He's surprised that he's arrived before the fighters. Something must have delayed them. He knows that this village is one of the newer settlements on the borderlands of New Hampshire, but he does not know its name and he wishes he did. To destroy a place without bothering to learn its name strikes him as disrespectful. It will be dawn soon, and he should stay in the woods until his comrades launch their attack, but he'll walk boldly into the town, for he enjoys the shiver along the spine when one is close to one's enemies without their knowledge.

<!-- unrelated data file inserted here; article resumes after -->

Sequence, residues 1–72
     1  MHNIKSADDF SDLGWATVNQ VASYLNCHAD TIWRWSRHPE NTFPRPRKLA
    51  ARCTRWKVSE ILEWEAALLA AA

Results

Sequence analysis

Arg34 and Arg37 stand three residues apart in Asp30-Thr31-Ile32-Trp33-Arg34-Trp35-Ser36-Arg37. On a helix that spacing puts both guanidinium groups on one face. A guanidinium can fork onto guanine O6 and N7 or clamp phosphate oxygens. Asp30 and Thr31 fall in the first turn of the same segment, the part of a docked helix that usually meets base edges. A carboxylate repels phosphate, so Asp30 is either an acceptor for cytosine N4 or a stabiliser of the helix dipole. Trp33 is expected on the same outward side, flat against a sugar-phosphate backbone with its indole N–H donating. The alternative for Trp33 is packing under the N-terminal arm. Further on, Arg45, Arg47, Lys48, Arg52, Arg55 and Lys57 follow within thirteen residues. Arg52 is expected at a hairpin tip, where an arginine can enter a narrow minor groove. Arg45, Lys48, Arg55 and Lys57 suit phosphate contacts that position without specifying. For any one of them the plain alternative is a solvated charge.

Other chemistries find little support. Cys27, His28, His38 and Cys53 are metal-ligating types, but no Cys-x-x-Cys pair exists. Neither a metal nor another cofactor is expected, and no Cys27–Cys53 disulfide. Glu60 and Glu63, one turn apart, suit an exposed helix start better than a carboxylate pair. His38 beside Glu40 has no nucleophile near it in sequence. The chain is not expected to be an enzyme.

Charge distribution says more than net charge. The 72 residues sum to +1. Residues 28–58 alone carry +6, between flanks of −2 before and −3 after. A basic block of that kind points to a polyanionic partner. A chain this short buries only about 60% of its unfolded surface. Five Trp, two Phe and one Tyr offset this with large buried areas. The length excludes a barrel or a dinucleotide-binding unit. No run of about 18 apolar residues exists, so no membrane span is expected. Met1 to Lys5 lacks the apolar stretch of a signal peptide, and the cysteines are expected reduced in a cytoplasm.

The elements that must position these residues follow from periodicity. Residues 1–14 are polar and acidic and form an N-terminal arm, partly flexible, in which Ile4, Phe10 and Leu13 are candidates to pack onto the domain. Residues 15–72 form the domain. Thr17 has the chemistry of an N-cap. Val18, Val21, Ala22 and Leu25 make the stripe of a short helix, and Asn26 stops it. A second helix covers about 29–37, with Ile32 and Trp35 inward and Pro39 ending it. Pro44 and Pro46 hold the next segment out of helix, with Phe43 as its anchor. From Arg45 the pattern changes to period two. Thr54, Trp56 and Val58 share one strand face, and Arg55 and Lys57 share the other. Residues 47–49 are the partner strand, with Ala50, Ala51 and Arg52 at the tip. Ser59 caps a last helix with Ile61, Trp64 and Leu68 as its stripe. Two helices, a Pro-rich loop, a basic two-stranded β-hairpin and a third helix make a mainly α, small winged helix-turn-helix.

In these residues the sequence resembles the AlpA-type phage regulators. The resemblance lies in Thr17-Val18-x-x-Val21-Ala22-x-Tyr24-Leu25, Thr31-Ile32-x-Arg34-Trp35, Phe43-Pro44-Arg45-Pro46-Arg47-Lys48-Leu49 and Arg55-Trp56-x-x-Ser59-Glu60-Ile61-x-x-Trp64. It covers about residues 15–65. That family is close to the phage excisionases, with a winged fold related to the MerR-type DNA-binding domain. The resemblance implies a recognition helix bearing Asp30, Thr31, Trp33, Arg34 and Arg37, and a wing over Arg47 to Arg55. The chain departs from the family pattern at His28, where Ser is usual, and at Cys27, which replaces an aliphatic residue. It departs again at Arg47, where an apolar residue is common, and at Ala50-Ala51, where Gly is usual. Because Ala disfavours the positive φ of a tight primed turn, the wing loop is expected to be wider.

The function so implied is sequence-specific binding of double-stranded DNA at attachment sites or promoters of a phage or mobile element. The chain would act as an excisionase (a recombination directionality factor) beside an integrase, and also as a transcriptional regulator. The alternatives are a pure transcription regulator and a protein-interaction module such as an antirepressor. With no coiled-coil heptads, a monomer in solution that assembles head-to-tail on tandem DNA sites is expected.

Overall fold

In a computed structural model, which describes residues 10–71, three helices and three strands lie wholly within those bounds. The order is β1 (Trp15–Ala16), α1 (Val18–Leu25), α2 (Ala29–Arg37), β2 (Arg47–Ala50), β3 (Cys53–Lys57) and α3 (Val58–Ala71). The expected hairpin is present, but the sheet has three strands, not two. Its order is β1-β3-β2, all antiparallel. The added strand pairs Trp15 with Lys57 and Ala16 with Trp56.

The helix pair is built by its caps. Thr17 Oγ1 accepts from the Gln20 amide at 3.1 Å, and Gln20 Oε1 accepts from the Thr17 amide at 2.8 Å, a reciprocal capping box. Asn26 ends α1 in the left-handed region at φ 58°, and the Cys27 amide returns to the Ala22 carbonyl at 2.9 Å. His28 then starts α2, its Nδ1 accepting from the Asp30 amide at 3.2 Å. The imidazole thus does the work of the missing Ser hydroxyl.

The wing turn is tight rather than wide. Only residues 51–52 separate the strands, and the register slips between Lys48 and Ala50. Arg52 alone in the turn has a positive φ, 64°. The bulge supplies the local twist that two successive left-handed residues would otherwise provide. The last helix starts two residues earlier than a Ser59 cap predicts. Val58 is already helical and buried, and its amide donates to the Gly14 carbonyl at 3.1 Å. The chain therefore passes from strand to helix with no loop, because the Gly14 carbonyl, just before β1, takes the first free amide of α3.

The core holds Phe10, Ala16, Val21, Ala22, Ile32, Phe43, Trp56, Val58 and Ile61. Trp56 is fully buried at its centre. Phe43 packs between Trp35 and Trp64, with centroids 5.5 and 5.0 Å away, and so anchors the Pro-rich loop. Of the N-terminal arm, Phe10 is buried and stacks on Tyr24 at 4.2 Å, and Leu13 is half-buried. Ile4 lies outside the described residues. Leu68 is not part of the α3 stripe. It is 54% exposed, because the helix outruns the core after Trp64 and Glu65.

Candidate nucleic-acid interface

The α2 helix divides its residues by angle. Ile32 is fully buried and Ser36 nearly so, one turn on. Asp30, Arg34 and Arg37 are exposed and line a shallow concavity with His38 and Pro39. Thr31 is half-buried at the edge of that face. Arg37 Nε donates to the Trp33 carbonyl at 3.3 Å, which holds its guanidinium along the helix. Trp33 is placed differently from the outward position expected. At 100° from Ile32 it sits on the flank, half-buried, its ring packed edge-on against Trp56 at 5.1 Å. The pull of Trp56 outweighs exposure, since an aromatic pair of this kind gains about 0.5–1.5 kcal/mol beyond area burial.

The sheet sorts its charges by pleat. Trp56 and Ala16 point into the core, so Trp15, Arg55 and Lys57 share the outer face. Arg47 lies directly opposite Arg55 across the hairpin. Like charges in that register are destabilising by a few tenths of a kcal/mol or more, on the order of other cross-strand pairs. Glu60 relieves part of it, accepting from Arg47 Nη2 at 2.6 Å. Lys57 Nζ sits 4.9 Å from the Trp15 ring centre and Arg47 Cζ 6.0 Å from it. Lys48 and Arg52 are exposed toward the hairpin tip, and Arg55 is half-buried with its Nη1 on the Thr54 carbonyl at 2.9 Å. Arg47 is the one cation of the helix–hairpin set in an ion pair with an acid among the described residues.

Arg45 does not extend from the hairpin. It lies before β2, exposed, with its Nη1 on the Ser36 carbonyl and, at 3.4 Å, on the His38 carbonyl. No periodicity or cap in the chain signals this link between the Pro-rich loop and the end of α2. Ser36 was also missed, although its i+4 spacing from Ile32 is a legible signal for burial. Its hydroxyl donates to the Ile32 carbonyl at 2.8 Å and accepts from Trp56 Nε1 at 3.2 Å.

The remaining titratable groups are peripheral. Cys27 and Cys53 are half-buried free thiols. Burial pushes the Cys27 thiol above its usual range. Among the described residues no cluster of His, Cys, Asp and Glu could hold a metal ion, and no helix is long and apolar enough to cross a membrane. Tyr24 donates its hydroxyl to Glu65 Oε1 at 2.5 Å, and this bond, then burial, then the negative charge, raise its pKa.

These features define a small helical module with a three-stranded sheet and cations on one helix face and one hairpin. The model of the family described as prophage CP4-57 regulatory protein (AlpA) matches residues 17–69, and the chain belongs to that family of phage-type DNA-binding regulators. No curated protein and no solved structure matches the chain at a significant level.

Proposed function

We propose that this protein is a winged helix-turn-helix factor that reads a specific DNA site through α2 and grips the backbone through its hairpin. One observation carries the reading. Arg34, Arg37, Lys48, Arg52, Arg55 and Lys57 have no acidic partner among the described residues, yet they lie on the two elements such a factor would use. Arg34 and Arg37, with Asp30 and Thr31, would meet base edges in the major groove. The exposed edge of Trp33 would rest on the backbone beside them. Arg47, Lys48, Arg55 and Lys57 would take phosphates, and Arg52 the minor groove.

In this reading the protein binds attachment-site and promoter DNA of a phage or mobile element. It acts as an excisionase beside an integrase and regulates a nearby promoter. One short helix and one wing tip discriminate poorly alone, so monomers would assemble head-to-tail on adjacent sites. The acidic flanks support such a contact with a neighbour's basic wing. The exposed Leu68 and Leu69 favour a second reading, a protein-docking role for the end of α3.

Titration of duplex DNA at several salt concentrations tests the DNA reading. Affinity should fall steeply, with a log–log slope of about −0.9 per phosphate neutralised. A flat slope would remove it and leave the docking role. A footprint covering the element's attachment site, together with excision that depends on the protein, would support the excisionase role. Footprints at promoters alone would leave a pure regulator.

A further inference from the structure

He sees perhaps half a hundred homesteads, log huts, and timber-frame houses under construction. Most of these structures are strung along a muddy path. Beyond is a stockade with wooden pickets and turrets for sharpshooters at the four corners. But Caucus-Meteor has little interest in military matters. He's drawn to a light, a warm glow from a single pane of glass in a log cabin. He peers through the wavy distortion. The sources of light are a whale oil lamp and a blaze in a stone fireplace. Caucus-Meteor sees a man sitting on the edge of the bed putting on leather shoes held together with gut laces, a woman poking the fire with an iron. A two-year-old lies in a cradle only a few feet from the old American. He could break the pane and snatch the child, but he only watches its blue eyes suddenly widening, blinking, mouth opening, crying out, fists doubled. Caucus-Meteor guesses that it's a girl. The mother comes to tend to her offspring. Caucus-Meteor makes no attempt to conceal himself. Since his wife died, he never lets practical matters, such as possible threats to his life, stand in the way of satisfying his curiosity, and for the moment he's engaged by this English family behind the glass. The mother sweeps up the child, carries her to the hearth, and sits her down on a low stool.